The best action verbs depend on the specific job duties you performed, but some example action verbs could include: billed, wrote, supervised, managed, analyzed, directed, trained, planned, taught, developed, maintained, organized, initiated or produced. When you write your resume you should pick one verb for each line and then elaborate.
Accomplishments to Mention on a Resume
If you haven’t had to look for a job for several years – you may have a difficult time figuring out which of their past accomplishments are best to focus on when choosing the action words for their resumes.
These questions may help when trying to determine which verbs are best to describe the results of each pertinent job duty:
- Did I improve efficiency – how?
- How did I perform the job better than expected?
- Did I implement anything new that benefited the organization?
- Did I receive any awards or special recognition as a result of past performance?
Tips When Changing Careers
Researching the new field or profiling the specific job the applicant is looking for is the most important aspect of changing careers. The more knowledge you have about the company the better your chance to market your existing skills. By using the Internet, research has never been easier. Employers are impressed by applicants who have taken the time to find out about their businesses.
When applying for a specific position, it’s essential that you include keywords on your resume:
- Keywords that reflect your field of expertise
- Keywords that were used in the job posting, as many companies use software to evaluate how well a person’s skills match with those listed in the job posting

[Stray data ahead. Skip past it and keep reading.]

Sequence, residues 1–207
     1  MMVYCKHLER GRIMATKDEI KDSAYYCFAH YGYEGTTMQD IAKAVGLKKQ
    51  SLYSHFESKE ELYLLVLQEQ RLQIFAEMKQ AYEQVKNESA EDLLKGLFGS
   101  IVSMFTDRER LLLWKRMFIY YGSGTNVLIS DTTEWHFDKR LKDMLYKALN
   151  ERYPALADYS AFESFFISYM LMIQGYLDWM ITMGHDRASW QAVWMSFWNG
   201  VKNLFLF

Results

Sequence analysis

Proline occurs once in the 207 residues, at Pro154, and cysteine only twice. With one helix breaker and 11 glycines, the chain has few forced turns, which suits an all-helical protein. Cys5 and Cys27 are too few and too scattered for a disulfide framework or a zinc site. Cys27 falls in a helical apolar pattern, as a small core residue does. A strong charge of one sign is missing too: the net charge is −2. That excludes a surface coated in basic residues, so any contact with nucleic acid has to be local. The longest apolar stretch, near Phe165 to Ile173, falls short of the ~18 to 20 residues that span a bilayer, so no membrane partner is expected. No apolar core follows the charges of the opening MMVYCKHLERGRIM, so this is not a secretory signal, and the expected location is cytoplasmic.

Companies are receiving thousands of resumes each day, so yours needs to stand out among all the others. Here’s how:
- Be a match. If you are interested in applying for a specific position, be sure to research the company and thoroughly go over the job description and position requirements. If they list specific requirements and you have experience that fits what they are looking for, highlight this information clearly on your resume so the reader can quickly see that you “match” the position. Use caution that you aren’t repeating the exact phrasing from the advertisement—use the keywords that will identify you as a match. Also, don’t rule yourself out even if you feel you’re not a close match. Send the resume and let the employer decide.
- Be concise. In addition to your duties with current and past employers, it is important to include contributions and achievements, as well as your educational background—but don’t overdo it. A resume is basically an advertisement, and your goal is to create enough interest that the organization will want to learn more about you by telephone or in a face-to-face interview. When a resume contains too many heavy details, you run the risk of overloading the reader, which can result in him or her missing important accomplishments you have achieved during your career. A prospective employer isn’t going to take the time to read a resume that is too lengthy.
- Be active and persistent. Finally, if you have been part of a reduction in workforce, be assured that you will eventually successfully land a job. Treat your job search like you treated your full-time job—dedicate your time to it every day. Many times when someone is no longer working, they feel lost and unsure, but the key to triumphing over this situation is to commit to beginning the search process and moving forward from there. Get out there and make things happen!